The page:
During the breeding season, males perform courtship displays to attract mates, which involve swimming in circles with their necks extended and their tails raised. Females lay their eggs in a concealed nest near the water.
Although cinnamon teals are not considered to be threatened, their populations have declined in some areas due to habitat loss and degradation. Conservation efforts are focused on preserving and restoring wetland habitats and reducing hunting and other human impacts on their populations.
- Large waterfowl
- Generally solitary creatures
- Mates for life
Muscovy ducks (Cairina moschata) are fascinating birds found throughout much of the Americas. They are known for their unique appearance and behavior, making them a favorite among bird enthusiasts.
Muscovy ducks are a large breed of waterfowl, with males weighing in at an average of 10-15 pounds and females weighing 5-8 pounds.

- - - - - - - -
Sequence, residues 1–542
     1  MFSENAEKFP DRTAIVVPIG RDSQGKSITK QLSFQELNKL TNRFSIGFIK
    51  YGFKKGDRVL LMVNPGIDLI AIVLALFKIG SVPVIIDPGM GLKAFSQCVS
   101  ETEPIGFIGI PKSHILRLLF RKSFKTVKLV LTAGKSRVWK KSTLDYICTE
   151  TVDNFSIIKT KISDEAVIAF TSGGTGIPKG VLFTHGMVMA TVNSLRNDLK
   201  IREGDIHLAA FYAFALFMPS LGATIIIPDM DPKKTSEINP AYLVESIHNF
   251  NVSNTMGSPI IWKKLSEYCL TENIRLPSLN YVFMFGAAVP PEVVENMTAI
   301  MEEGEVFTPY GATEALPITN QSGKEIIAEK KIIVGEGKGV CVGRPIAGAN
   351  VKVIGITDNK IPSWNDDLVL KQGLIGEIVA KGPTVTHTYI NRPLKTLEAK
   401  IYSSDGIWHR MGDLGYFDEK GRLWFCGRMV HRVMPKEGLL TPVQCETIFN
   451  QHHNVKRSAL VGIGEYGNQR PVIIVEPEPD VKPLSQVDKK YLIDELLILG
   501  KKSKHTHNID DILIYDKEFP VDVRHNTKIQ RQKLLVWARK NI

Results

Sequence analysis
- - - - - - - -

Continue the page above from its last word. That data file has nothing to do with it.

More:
They have a distinctive appearance, with bare, red skin around their eyes and on their faces, often described as “warty.” It has the same color as bare skin. Their feathers can range in color from black and white to iridescent greens and purples, and their wingspan can reach up to six feet.
Unlike other ducks, Muscovy ducks are not very social creatures and are often seen in pairs or small groups.
Their diet consists of various foods, including insects, snails, and plants. They are also known to eat small fish and even small mammals like rodents.
Muscovy ducks are monogamous, meaning they mate with one partner for life. They build their nests in tree cavities or other elevated areas, and the female will lay around 8-16 eggs per clutch. After hatching, the ducklings will remain with their parents for several months.